Hyundai has become synonymous with value and the 2015 Santa Fe continues that practice with an extensive list of standard equipment at all points of the price ladder. Every XL comes with power windows, locks and mirrors, air conditioning, heated seats, tilt & telescope steering wheel, six-speaker audio system, Bluetooth wireless connectivity and cruise control.
Top trim levels have some unique features, such as a new proximity keyless system that allows you to unlock and start the vehicle if you are within a few metres of it. Stand near the tailgate for more than three seconds with the key fob on your person and it will automatically open – a good idea if you want it open, a surprise and inconvenience if you just happen to be standing there with no intention or need to open the big hatch.
AWD has Canadian connection
Power comes from an all-aluminum V-6 engine displacing 3.3 litres. It has dual overhead camshafts, variable valve timing on both the intake and exhaust sides and direct injection. It produces 295 horsepower and 252 lb-ft of torque. Smooth and quiet, it offers better than competitive performance. It also allows the XL to tow up to 2,268 kg (5,000 lb) of adult toys and things.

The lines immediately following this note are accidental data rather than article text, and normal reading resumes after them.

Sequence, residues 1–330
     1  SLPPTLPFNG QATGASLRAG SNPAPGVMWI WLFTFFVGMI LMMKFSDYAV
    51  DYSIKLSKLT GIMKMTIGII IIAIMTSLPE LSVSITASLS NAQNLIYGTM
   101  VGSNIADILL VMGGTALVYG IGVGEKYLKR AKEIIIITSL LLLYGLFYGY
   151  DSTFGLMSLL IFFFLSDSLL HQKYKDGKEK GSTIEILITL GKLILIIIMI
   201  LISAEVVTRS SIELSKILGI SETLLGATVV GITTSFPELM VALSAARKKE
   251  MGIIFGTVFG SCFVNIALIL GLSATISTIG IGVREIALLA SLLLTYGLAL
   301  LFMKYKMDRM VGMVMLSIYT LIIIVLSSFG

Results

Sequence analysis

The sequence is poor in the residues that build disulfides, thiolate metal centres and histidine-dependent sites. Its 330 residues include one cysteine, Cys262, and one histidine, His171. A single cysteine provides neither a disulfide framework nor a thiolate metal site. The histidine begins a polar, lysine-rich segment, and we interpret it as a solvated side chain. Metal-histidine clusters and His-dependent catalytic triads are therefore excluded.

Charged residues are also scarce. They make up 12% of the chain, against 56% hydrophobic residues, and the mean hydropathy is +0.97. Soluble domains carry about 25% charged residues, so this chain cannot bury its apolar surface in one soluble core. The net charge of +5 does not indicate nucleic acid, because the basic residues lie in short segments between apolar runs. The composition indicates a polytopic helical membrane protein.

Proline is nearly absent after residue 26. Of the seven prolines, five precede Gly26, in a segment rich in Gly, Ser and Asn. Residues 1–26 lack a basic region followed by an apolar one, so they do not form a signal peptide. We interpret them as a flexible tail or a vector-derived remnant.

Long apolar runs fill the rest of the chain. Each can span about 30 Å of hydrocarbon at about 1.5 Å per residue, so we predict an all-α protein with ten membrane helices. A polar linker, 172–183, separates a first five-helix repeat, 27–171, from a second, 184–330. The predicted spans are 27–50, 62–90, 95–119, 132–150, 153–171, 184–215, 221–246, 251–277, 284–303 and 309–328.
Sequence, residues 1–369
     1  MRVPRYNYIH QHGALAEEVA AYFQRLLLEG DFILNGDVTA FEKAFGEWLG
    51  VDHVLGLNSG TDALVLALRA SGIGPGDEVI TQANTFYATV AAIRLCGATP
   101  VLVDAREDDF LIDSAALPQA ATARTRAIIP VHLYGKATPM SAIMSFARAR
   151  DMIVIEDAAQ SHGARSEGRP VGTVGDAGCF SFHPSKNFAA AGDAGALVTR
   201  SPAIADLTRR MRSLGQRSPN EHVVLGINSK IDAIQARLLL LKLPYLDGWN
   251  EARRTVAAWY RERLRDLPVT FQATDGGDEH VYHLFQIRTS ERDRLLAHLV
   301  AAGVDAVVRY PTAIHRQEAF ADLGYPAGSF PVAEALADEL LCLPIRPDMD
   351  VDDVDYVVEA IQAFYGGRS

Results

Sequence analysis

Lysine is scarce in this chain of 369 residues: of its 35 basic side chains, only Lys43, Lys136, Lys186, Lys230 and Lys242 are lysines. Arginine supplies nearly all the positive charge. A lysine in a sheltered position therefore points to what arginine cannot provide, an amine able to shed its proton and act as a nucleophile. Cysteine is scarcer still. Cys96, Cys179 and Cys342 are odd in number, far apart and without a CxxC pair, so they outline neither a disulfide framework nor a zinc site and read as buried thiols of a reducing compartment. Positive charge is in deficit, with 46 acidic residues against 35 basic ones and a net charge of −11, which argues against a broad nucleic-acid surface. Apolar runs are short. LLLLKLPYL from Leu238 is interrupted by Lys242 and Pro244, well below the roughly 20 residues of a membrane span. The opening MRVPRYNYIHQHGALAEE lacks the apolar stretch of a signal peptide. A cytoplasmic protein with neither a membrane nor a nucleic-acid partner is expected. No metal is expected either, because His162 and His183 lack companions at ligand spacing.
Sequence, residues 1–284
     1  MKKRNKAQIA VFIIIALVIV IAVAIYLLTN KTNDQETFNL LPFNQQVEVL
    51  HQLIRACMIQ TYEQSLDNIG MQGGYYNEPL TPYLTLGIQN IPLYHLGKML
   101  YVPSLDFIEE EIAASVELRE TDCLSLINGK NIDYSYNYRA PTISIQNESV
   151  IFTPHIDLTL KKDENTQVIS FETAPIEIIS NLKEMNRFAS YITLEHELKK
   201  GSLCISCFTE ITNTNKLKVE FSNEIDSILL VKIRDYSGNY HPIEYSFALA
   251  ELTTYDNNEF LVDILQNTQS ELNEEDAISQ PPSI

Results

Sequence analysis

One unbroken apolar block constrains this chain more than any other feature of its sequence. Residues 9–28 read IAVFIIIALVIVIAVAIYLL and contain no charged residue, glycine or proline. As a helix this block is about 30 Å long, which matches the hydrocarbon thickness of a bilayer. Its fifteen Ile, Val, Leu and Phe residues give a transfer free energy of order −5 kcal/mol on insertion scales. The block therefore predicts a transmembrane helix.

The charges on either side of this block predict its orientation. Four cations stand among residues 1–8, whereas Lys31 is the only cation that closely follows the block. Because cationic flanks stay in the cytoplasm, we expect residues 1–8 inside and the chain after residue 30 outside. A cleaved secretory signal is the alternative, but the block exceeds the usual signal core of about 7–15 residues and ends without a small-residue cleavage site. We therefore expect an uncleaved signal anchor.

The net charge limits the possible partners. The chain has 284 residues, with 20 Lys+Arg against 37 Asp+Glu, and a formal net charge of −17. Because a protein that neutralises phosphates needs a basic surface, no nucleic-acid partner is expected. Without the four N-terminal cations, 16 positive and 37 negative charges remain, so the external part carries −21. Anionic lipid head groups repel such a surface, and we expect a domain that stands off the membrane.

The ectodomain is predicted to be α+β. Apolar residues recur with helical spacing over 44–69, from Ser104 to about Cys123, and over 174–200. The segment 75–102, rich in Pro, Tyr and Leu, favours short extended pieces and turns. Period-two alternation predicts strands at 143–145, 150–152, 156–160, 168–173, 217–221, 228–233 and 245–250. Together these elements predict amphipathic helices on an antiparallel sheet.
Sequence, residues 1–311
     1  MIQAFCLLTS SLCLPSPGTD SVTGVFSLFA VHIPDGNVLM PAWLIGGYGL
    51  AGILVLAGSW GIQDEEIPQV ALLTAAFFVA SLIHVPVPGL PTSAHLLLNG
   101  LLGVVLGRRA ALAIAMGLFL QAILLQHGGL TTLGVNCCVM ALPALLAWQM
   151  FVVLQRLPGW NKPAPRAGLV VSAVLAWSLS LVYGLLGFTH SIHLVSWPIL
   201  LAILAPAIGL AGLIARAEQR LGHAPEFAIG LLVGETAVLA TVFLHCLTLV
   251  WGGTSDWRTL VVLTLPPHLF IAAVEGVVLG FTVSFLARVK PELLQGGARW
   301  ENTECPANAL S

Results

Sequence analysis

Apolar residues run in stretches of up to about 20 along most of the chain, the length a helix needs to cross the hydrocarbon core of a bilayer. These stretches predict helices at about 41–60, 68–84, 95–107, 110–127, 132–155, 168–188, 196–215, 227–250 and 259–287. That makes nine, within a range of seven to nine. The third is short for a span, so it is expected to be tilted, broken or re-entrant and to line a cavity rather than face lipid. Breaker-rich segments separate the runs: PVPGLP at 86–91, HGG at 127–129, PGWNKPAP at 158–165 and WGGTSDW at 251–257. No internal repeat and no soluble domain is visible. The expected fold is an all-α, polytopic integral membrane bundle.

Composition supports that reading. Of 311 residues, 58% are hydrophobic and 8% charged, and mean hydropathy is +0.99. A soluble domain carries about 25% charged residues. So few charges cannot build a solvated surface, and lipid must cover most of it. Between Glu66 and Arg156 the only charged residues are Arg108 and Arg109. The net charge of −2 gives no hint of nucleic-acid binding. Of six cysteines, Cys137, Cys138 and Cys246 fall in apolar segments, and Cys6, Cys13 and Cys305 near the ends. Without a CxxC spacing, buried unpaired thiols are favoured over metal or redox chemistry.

In this trim level, that power is sent to all four wheels via an AWD system developed in conjunction with Canada’s Magna International. The sophisticated system operates in front-wheel-drive model the majority of the time, for maximum fuel efficiency and stability. Some power is diverted to the rear when a loss of front wheel grip is judged to be imminent, rather than waiting for it to actually occur.
The system also incorporates what Hyundai and Magna call “Active Cornering Control,” which works in concert with the standard stability management system to enhance cornering performance by applying slight brake pressure to the inside rear wheel when accelerating through a corner, effectively tugging the Santa Fe into the corner.
On the road